<html> - typically only add what you absolutely have to
<body> - again add judiciously
As your project grows the CSS specificity can and will come back to bite you if you're not careful.
Some more details and resources you may find useful
HTML is highly permissive, there are tons of ways to accomplish a task, espeically in layout. This generally leads to lots of opinions about what is "best". For me I turn to people that are well respected when looking for a starting point.
In this instance I'd start with Normalize css. It is not the "end all, be all" but I've found it to be a good place to start. Plus when you look at the normalize.css file it has lots of very good comments that help explain the choices that were made. It isn't going to tell you what you can/can't put in, but I think it does a good job of sorta laying out what a level base can look like.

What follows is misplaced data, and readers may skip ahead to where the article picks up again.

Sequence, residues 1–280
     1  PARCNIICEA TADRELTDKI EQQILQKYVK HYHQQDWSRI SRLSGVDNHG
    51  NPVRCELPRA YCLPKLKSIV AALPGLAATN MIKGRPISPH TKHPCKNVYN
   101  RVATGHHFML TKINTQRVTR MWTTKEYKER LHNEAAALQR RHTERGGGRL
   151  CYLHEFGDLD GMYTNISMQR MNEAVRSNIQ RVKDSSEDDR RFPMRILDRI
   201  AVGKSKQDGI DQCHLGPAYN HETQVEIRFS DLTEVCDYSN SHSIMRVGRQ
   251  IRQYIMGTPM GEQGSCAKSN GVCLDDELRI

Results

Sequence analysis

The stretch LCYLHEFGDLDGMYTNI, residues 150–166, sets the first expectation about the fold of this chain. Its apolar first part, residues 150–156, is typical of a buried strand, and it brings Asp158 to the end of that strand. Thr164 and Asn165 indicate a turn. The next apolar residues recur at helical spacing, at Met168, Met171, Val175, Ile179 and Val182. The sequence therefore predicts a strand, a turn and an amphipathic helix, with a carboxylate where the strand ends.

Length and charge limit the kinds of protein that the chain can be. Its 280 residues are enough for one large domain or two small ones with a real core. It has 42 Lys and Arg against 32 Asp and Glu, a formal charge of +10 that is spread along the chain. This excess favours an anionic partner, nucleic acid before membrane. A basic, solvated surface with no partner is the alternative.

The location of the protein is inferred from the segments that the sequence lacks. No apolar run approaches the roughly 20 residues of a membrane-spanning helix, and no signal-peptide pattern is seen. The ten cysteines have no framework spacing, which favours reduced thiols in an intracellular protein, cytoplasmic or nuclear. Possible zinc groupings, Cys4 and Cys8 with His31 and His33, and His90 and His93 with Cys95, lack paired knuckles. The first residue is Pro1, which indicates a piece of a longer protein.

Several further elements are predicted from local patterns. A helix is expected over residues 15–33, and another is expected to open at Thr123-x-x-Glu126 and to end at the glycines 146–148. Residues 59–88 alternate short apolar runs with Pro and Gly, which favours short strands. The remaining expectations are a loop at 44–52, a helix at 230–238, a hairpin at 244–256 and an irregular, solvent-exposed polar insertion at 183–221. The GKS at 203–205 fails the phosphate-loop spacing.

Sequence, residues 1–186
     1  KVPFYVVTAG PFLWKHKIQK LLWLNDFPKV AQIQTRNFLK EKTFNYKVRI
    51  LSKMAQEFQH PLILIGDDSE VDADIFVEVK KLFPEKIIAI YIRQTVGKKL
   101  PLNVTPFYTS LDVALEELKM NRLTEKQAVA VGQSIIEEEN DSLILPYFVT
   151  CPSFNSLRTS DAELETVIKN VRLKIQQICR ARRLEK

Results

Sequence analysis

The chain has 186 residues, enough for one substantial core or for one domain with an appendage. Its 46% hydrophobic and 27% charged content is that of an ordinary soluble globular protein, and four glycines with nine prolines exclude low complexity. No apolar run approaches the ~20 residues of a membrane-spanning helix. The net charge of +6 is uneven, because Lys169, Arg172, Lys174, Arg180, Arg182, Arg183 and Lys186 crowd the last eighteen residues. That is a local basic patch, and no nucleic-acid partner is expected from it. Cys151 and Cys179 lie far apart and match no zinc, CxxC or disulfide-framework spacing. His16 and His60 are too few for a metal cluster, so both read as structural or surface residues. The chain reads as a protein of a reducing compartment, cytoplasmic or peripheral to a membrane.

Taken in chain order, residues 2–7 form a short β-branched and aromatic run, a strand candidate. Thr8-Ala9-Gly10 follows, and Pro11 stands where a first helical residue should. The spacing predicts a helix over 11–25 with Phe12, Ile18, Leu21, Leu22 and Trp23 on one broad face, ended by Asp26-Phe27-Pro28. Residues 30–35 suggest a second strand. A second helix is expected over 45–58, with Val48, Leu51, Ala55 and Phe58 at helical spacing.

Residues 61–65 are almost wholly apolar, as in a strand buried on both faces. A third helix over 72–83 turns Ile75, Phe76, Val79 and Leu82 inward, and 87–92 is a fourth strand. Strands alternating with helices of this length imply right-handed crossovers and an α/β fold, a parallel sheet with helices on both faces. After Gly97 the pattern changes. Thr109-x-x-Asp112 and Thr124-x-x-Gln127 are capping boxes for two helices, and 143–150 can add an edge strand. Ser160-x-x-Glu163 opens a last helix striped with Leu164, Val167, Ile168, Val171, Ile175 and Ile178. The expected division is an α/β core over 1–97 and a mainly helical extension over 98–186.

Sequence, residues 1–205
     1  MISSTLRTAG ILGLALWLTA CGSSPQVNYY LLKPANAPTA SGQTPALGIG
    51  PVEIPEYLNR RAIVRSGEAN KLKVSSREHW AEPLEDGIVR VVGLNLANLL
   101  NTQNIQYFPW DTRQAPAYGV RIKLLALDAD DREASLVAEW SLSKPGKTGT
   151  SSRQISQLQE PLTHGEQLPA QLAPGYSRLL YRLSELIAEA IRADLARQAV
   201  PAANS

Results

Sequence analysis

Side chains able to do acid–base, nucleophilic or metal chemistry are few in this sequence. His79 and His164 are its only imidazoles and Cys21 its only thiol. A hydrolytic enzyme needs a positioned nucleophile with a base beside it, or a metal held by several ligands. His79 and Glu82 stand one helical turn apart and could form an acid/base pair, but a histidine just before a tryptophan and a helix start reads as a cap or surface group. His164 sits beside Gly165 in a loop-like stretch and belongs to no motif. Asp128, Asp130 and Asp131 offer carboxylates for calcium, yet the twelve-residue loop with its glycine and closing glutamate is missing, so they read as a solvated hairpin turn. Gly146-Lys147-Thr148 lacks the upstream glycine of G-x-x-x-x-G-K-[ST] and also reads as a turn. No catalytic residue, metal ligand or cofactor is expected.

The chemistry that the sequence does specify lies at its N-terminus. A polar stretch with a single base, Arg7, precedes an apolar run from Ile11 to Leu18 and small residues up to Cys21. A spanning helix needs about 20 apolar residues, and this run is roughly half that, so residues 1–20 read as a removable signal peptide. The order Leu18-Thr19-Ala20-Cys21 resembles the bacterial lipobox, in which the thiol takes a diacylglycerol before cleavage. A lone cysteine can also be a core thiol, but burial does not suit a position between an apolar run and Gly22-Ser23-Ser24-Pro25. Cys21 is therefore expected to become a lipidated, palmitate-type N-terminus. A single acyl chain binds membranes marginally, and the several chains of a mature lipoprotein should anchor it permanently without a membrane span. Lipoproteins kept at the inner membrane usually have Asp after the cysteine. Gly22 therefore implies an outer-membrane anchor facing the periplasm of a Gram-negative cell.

After that your project will probably want for some structure. The structure of one's HTML and CSS will go a long way to understanding how and why choices are made. One source of "good code smell" is SMACSS, it's a structure I'm working on putting in my work flow. SMACSS is not the only solution, but it can help you understand your project and how to put good bones under it.
If you are interested there are several other good CSS structures to look into: OOCSS & BEM
Finally I like to see how other working professionals do their work. Several major sites have put up posts about how they work, one that I particularly liked came from Trello's blog. Looking at things like this is good because it's not just the theory, it's the toughts of people using these tools day to day to solve real problems on real sites.
None of these alone will solve the question of "What to do put in/how to style
<tag name> ?", but they will serve as guide posts that will lead you to the solution that works for you, your team, and your project(s).